Upgrade your 700

The Remington 700 is arguably one of the most prolific hunting rifles ever made. Introduced in 1962, the 700 has made its way into untold numbers of gun safes, climbed countless tree stands and has logged as many miles in the woods as your average skidder in northern Maine. While it is hard to quantify how many whitetail deer have seen the business end of the Remington 700, it is safe to say it is a whole bunch; scientifically speaking.

With that much time in the field, it is also safe to say there are a whole lot of these rifles that won’t win any beauty contests any time soon. Gouges, nicks and cracks in the furniture are commonplace for the working gun as season after season are spent busting through brush cutting tracks and banging off of trees in thick conifer stands. Let’s not also forget the inevitable bounce off the shooting rail when buck fever takes hold, reducing your motor skills and dexterity to the level of a 4 year old.

If you are looking for an upgrade to give your 700 a much needed facelift and improved functionality, look no further.

Everything old, new again

The new Magpul Hunter Stock for the Remington 700 is one slick piece of equipment. Manufactured to be a drop in replacement, the reinforced polymer stock is designed for both ergonomic comfort and increased accuracy. A 60 degree grip angle, fully adjustable length of pull (13”-15”) and adjustable comb height provide the comfort. The anodized aluminum bedding block and polymer construction provides the accuracy enhancement.  Say goodbye to wood stock warping due to wet weather cycles and say hello to custom performance.

The stock is also equipped with a rubber butt pad to soften larger caliber recoil and spacers for the length of pull adjustments. Sling attachment is made via Magpuls’s M-Lok slot system on the fore end and bottom of the stock. Three dimpled drill points are also provided for those wishing to install sling swivel studs.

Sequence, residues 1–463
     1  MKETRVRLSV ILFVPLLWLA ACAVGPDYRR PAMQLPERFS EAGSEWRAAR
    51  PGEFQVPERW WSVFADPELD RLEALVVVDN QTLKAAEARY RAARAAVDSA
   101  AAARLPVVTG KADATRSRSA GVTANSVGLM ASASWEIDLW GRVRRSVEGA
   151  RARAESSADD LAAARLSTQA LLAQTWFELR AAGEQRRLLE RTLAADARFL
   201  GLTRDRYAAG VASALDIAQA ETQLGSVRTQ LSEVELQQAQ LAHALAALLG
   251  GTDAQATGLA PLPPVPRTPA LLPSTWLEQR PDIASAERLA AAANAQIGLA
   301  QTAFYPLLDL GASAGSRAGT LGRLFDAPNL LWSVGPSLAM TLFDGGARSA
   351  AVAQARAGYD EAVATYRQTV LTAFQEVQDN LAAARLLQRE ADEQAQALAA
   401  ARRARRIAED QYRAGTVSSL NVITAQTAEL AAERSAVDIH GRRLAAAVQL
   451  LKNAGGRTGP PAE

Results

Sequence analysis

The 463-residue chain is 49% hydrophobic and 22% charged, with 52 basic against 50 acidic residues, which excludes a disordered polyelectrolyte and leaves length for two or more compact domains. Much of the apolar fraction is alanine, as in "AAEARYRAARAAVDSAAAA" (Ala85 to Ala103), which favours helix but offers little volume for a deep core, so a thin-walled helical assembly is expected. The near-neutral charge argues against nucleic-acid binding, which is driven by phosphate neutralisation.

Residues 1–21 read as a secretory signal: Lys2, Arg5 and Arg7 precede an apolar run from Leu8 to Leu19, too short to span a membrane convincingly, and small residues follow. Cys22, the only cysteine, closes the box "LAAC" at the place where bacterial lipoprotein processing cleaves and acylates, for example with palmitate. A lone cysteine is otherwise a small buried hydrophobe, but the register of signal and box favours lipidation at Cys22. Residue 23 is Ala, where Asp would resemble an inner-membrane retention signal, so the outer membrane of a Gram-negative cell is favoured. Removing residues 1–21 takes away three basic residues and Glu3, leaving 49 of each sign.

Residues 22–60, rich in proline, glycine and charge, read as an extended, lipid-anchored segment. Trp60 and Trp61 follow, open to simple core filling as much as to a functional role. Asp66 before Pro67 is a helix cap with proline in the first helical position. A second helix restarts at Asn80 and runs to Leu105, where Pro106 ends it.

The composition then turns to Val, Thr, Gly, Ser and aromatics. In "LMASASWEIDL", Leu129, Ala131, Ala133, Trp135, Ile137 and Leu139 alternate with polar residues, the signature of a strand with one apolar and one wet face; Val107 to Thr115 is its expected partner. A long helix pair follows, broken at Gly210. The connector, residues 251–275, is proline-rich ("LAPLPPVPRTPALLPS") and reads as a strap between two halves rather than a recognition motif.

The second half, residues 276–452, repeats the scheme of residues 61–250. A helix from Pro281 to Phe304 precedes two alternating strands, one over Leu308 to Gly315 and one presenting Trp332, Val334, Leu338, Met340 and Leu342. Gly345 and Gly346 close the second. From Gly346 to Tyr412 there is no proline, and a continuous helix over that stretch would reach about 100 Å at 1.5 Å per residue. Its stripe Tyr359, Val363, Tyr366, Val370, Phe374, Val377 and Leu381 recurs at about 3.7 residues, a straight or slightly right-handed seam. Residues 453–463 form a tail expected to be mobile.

The stock is available in five color variations – Black, Flat Dark Earth, Stealth Gray and Olive Drab Green. Both short action and long action configurations are offered.

No more Mr. Jingles

Everyone knows a Mr. Jingles. This is the guy who walks beside you into the fields or woods before legal shooting time with his cartridges in his pocket, jingling and jangling all the way to his stand. If you don’t know a Mr. Jingles, he may be you!

While the Hunter 700 Stock is compatible with factory bottom metal and hinged floor plates, the available Bolt Action Magazine Well add on enables you to use detachable box magazines without any custom inletting. Once again, this is a drop in solution.

Having the ability to keep your ammunition clean, secure and quiet is a key consideration in the field. Using a magazine, you will make two clicks in the still of the morning woods – one as you insert the magazine and one as you lock the bolt forward. Using the traditional floor plate design, every round you push down on the follower is making noise – that could be five clicks before the bolt slides home.

You would be hard pressed to find a hunter who has never dropped a round or two when opening the floor plate at the end of legal shooting time to clear the rifle – in the dark, through the snow or under a leaf pile. A detachable box magazine puts that problem to bed once and for all.

AICS-spec magazines for the short action stock are available in 5.56x45mm (.223 Remington) and 7.62x51mm (.308 Winchester); the long action version magazines are designed for .30-06 Springfield and .300 Winchester Magnum.

The best feature of all is the affordability of this set up. For roughly the same cost as some aftermarket replacement wood stocks, you get the features and functionality of a high end custom performance rifle at a budget price.

John is a Registered Maine Guide, an NRA Certified Instructor and an NRA Certified Range Safety Officer. He is a former Staff Sergeant in the U.S. Army and is the owner of Tucker Ridge Outdoors in Webster Plantation, Maine. He also works as a freelance outdoors writer and is the author of “Life on the Ridge” for the bangordailynews.com Outdoors section. He can be reached at john@tuckerridge.me or on Facebook @writerjohnfloyd

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